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More money needed to fight corruption in sports, says WADA chief Criag Reedie

Reedie also mentioned that the annual budget of WADA was less than the income of some of the world's top athletes.

News 07 Feb 2016, 14:51 IST
Sir Craig Reedie, president of the World Anti-Doping Agency (WADA), attends a meeting at Jamaica's Olympic Association in Kingston February 24, 2015. REUTERS/Gilbert Bellamy/Files
Sir Craig Reedie, president of the World Anti-Doping Agency (WADA), attends a meeting at Jamaica's Olympic Association in Kingston February 24, 2015.

The World Anti-Doping Agency (WADA) faces a challenge to tackle cheating in sports while it has an annual budget of less than the income of many top athletes, its president Craig Reedie said.

Lack of money could equally prove a handicap for a proposed independent testing authority, said Reedie, who also expressed support for global athletics chief Sebastian Coe and said WADA was in a state of "peace not war" with Coe's troubled sport.

Calls for more money

"I could do with a lot more money," Reedie said in an interview with Newsweek published on Saturday.

The Scot said governments decided their own contributions to WADA's budget, which were then matched by the International Olympic Committee (IOC).

"The total is not nearly enough," he said. "WADA’s total annual budget of $30 million a year is exceeded by many athletes around the world who make more than that themselves in one year."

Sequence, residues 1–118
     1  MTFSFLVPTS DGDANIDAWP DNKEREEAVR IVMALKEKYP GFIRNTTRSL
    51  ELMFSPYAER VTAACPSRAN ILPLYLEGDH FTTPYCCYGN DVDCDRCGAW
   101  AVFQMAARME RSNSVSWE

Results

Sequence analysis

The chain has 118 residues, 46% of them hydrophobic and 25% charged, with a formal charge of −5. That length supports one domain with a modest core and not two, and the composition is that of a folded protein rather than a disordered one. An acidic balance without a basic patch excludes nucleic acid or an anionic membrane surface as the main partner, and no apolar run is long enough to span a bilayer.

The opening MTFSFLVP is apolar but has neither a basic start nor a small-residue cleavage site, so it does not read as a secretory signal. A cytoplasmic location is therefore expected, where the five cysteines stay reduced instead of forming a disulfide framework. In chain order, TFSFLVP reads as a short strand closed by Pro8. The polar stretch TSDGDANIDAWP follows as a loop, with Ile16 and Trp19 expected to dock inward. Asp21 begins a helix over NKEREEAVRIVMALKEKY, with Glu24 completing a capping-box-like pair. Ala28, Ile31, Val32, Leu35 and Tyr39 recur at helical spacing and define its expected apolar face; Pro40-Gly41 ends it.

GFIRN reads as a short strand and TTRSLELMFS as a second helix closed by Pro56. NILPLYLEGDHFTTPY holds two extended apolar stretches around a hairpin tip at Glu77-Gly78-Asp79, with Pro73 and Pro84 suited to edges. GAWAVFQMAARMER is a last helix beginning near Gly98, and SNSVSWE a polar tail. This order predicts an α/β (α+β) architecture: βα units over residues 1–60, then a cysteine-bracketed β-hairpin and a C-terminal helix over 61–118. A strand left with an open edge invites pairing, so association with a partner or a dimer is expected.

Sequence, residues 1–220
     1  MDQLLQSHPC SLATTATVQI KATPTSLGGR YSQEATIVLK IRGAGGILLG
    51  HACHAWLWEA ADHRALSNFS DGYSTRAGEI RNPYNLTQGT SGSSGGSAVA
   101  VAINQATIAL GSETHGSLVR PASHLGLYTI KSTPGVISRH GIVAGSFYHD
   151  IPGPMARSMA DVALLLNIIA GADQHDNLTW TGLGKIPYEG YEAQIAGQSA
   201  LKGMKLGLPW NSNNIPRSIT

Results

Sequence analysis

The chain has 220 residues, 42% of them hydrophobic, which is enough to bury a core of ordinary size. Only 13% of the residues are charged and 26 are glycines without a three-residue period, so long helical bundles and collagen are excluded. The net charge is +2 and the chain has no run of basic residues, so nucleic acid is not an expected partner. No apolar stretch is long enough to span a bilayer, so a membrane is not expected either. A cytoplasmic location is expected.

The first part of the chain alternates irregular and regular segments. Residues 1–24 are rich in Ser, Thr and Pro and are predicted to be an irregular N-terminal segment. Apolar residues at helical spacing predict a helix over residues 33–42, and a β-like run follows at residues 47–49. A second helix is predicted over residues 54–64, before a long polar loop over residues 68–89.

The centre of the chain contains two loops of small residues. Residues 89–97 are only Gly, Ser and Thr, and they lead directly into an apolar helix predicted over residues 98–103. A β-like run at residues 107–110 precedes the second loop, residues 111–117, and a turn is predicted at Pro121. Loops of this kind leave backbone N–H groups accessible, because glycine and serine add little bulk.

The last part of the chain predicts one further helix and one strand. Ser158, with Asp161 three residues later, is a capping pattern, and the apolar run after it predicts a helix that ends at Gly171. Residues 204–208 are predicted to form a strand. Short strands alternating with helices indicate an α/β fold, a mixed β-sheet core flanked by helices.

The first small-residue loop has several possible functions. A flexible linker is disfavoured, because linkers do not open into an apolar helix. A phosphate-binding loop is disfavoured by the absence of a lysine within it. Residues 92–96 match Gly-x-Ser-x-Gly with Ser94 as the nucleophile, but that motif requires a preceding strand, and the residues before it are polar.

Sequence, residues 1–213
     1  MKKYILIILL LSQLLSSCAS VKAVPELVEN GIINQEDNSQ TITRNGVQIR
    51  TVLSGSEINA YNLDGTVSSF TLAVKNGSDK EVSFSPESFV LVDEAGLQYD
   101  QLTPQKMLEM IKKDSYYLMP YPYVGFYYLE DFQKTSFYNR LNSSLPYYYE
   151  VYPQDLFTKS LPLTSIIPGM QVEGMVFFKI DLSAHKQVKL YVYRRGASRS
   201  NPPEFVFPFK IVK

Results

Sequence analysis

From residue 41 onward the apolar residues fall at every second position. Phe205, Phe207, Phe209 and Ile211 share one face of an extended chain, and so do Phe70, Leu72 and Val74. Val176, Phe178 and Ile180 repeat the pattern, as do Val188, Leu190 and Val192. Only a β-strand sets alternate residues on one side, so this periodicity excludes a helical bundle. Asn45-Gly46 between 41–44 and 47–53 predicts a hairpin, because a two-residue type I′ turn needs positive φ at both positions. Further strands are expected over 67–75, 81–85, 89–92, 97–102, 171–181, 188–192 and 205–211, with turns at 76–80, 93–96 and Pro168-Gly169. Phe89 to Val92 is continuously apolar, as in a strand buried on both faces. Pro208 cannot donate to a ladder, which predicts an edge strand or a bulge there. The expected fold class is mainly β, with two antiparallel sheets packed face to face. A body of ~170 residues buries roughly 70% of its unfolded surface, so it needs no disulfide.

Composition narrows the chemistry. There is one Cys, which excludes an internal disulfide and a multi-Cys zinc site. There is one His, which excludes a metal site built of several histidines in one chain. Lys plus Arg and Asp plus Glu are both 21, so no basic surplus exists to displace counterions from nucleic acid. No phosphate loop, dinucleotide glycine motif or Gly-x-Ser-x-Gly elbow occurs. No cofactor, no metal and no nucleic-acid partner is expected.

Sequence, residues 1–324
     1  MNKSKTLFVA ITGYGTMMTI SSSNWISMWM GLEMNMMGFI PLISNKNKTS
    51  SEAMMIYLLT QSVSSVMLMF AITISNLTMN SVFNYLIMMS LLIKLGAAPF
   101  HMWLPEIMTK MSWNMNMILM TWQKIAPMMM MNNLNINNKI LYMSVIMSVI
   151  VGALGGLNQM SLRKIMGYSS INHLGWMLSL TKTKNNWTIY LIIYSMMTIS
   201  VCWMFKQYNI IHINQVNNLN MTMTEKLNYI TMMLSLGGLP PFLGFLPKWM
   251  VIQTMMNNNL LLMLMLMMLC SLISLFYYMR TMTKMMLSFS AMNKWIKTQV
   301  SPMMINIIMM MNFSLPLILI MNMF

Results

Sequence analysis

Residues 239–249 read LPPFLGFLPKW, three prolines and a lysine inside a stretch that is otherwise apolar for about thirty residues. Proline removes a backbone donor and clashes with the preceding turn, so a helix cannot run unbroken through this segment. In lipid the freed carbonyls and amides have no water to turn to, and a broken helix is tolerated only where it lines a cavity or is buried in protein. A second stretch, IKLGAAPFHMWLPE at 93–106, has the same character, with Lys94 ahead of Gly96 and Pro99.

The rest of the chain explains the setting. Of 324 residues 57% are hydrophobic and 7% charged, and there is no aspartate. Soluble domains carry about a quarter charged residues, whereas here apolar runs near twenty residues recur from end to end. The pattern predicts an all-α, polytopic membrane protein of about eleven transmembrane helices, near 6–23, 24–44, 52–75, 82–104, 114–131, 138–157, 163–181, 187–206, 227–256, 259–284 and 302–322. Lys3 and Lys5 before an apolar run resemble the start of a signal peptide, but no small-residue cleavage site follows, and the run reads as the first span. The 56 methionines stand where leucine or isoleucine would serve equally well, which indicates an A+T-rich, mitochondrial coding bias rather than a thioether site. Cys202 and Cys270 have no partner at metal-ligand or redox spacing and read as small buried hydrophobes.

Reedie said he was impressed with the support within sports and from governments for an independent testing agency as proposed by the IOC president Thomas Bach, but the question of funding it needed to be addressed.

"Who pays the bill is a crucial question," he said.

"This is one of the challenges as we investigate a new independent body that would remove the conflict of interest inherent with international federations who promote and police their sports.

"An independent testing body may or may not be a priority for governments, who see that their own domestic anti-doping programmes are just as important."

Cycling has handled the issue effectively: Reedie

Reedie said cycling was one sport that had successfully addressed the issue.

"I suspect the most successful body at the moment is the International Cycling Union which clearly had problems, not specifically in any one country. But it has now decided to separate the testing and the handling of doping matters to an independent body."

Former WADA president Dick Pound said last month that the IAAF, the governing body of world athletics, needed to be completely restructured because of "corruption embedded in the organisation" under former president Lamine Diack.

Russia was banned from athletics after an independent commission for WADA revealed widespread, state-sponsored doping in the country.

Reedie said the IAAF had handled the situation "in a reasonable manner" and that WADA maintained "an ongoing relationship with the IAAF” as it carries out its normal anti-doping duties.

"WADA’s job is to protect clean athletes, so it’s a case of peace not war," he added.

Asked if he had faith in Coe, who was elected last August, Reedie said: "On a personal basis, I have worked with Sebastian Coe for many years, particularly in the build-up to the successful delivery of the London Olympic Games, and I think he has the wide range of skills which will be necessary to achieve the transformation that Dick Pound talked about."

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